On 28 June 2023, Mr Clark sent an email to the Administrator claiming that his appointment was invalid, explaining that he had not resigned as a director and that his letter of resignation was a forgery. The Administrator declined to investigate Mr Clark’s allegations and continued to undertake activities in the administration, claiming that he had no reason to dispute the validity of the appointment documents.
From 28 June to 24 July 2023, Mr Clark repeated his allegations and urged the Administrator to bring an application before a court. The Administrator declined to do so, claiming that PER lacked sufficient funds to commence proceedings and informing Mr Clark that he had standing to bring proceedings himself.
The Administrator eventually applied for an order validating his appointment on 15 September 2023, almost three months after he was appointed.
The Administrator accepted that Mr Clark’s letter of resignation was forged but argued that the Court should nevertheless validate his appointment because as PER lacked sufficient funding to defend costly legal proceedings that were to be commenced against it, it would in any event, end up in liquidation.
Justice Williams was not persuaded. Whilst her Honour accepted that there was a material risk of future insolvency, she determined that the Court should not exercise its discretion to validate Mr Thorn’s appointment in the circumstances.
Her Honour found that once the Administrator was notified of Mr Clark’s allegations that he had not resigned as director and that his letter of resignation was a forgery, he was obliged to investigate the allegation and, if he was unable to satisfy himself that his appointment was valid, make an application to a court.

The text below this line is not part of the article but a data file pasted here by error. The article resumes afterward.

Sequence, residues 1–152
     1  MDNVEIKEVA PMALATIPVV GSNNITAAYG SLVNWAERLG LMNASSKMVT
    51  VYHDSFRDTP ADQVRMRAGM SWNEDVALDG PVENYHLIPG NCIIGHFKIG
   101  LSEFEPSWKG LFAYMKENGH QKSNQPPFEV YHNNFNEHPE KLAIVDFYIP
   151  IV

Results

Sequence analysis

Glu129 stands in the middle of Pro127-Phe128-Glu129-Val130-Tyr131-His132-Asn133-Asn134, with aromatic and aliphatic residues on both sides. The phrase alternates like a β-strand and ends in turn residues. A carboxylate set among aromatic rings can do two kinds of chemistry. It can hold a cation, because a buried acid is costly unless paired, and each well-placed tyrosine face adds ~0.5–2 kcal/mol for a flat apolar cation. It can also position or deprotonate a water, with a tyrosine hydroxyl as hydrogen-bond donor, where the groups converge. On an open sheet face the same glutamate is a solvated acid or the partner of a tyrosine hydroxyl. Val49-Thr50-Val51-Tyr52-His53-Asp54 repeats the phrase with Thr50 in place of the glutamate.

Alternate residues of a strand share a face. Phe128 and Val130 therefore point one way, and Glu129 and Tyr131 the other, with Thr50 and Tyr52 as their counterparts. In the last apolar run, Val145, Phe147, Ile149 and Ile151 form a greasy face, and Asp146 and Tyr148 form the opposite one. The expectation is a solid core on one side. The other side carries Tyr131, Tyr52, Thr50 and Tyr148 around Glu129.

Justice Williams rejected the Administrator’s argument that although it would have been ‘best practice’ for him to promptly investigate or make an application, it was not an obligation. Her Honour made it clear that Administrators must investigate any doubts raised in relation to their appointment in a timely manner, as determining the validity of their appointment is essential to administrators taking steps such as advertising property for sale, reporting to creditors and convening meetings of creditors.
The decision serves as a cogent reminder for administrators faced with questions over the validity of their appointment.
Whilst the initial stage of an administration process is a busy time for administrators, it is essential that they prioritise confirming the validity of their appointment and promptly investigate and bring before a court any doubts raised regarding the same.
This publication is introductory in nature. Its content is current at the date of publication. It does not constitute legal advice and should not be relied upon as such. You should always obtain legal advice based on your specific circumstances before taking any action relating to matters covered by this publication. Some information may have been obtained from external sources, and we cannot guarantee the accuracy or currency of any such information.